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Parex bank no longer expects to find a strategic investor in the near future, said Valery Kargin, president and co-owner of Parex, bringing an end to the search for a Western European partner.
"Those investors who expressed a wish to buy part of the shares did not correspond to our expectations," said Kargin. "Basically, it was a question of the valuation of the cost of the group." Kargin blamed Western fears about Latvia's relations with Russia for the low valuations.
The small Baltic market is attractive to big Western groups only as an interface between the European Union and Russia, according to the bank's president.
Parex, which still runs a significant part of its business with clients from Russia and offshore, considers its ties with Russia an advantage, while Westerners see it as a great risk, some experts have observed.
"We continue to regard this project as critical to the long term development of the bank," Parex leaders said in their 2000 management report. Now, the failure of the sale will force Parex bank to find a new way to consolidate its position in the local market, for which there is fierce competition from Swedish-owned Pan-Baltic groups, according to The Financial Times.
This year, SEB and Swedbank, two Swedish banks with large Baltic portfolios, announced their intention to merge, thereby bringing Parex bank's main Latvian competitors under one roof.
But anti-monopoly action could also force the merging Swedes to put some Baltic holdings up for sale. Most analysts see Hansapank, the Swedbank-owned Estonian bank, as the prize Baltic asset and most appealing to international buyers should it come up for sale (see related article on page 14).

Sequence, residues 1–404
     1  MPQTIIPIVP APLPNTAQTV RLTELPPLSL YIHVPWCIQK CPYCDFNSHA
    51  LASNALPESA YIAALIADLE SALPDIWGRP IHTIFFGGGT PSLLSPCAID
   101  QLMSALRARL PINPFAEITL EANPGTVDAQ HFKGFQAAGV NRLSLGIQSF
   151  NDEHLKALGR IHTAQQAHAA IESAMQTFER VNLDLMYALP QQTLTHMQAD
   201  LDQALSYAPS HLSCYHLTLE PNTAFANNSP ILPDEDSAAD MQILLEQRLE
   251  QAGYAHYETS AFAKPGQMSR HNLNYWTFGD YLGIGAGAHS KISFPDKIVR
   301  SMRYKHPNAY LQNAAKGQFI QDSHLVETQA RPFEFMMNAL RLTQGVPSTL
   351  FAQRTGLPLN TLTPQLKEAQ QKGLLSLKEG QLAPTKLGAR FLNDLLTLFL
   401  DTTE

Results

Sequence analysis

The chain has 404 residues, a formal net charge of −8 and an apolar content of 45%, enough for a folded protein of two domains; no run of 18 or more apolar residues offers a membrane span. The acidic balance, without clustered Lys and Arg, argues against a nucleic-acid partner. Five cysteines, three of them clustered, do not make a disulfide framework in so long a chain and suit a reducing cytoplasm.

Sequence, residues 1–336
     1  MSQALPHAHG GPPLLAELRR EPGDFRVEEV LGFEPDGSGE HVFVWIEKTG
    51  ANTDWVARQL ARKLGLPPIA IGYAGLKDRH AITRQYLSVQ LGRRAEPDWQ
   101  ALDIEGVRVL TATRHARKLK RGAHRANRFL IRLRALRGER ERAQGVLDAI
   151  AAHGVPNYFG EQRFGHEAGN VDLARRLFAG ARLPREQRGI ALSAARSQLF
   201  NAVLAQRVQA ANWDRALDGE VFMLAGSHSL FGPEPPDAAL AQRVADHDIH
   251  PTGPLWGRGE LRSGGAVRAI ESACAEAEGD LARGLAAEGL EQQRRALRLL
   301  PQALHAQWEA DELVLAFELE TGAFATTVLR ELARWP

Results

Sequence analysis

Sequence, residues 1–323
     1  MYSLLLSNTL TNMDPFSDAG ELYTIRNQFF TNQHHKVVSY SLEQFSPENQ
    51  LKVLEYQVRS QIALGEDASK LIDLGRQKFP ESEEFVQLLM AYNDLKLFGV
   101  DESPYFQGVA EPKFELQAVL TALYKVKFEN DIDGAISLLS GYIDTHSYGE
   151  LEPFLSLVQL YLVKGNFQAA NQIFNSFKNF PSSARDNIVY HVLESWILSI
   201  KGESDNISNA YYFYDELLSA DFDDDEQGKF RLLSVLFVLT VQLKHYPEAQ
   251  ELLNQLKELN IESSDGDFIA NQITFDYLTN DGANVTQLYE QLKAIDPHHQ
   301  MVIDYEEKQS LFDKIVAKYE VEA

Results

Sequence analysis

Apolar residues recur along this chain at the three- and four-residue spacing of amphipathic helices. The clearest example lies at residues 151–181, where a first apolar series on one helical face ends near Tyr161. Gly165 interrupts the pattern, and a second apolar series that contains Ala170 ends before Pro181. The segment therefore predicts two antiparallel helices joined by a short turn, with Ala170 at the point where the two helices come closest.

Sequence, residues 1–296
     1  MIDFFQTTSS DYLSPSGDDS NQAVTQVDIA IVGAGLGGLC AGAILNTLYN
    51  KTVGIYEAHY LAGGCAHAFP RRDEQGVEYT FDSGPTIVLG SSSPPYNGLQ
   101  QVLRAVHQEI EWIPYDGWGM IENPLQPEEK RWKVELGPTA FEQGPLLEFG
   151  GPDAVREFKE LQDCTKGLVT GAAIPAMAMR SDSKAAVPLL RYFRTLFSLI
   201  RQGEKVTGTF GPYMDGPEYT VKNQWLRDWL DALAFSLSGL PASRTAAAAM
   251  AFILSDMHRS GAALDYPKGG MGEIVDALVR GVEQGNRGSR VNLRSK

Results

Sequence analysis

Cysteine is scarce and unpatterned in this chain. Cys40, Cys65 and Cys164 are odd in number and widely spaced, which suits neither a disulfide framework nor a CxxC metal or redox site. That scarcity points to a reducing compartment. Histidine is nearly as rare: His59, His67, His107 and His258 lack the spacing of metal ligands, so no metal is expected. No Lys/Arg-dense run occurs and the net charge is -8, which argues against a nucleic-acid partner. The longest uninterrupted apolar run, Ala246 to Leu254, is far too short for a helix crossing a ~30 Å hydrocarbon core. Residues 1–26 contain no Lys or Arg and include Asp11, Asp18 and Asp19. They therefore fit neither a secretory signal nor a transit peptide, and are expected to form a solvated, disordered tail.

Some analysts say Western investors are more concerned about problems with transparency than security when dealing with Russian-related banking.
Last year, Parex hired ABN-Amro, the Dutch bank, to assist in the search for an investor and advise Parex on restructuring the group along more Western lines in the hope of making it more salable.
However, it will take time and effort to bring Parex up to Western standards. If the other top Latvian banks were already restructured a couple of years ago, in Parex "there is still a Soviet Union," as one of the banks' employees put it.
Parex bank started looking for a strategic investor early last year. In interviews the bank's managers mentioned preferable investors from the United States and Germany, but, according to unofficial information, the last bidder was ABN-Amro itself.
"We consider ourselves market leaders, so we made an offer to those international financial structures able and willing to enter this market in a number-one position, rather than just hoisting a flag and developing for many years," Gene Zolotarev, vice president of Parex, told the Riga-based Russian business daily Bizness&Baltija. "So the price under consideration is different and not everybody is ready to pay it."
The Parex Group consists of Parex bank, Parex brokerage company, an insurance company, leasing companies in Latvia and Lithuania, and Parex Bankas in Lithuania. Parex reported a net profit of 10 million lats ($16 million) in 2000 and interim results of 6.5 lats for the first seven months of 2001. In July, the bank's assets were 635.2 million lats. Parex bank employs 1,200 people.
Parex bank is 50.93 percent owned by Europe Holding Ltd., based in the Isle of Man, but its founders, Valery Kargin and Viktor Krasovitsky, each own 24.53 percent. The bank was built with profits made in Latvia's first officially sanctioned foreign currency exchange offices. It also enjoyed links with former members of the Komsomol organization and other Soviet-era structures. Throughout the former Soviet countries such people led the transformation from a centrally-planned economy to a market economy.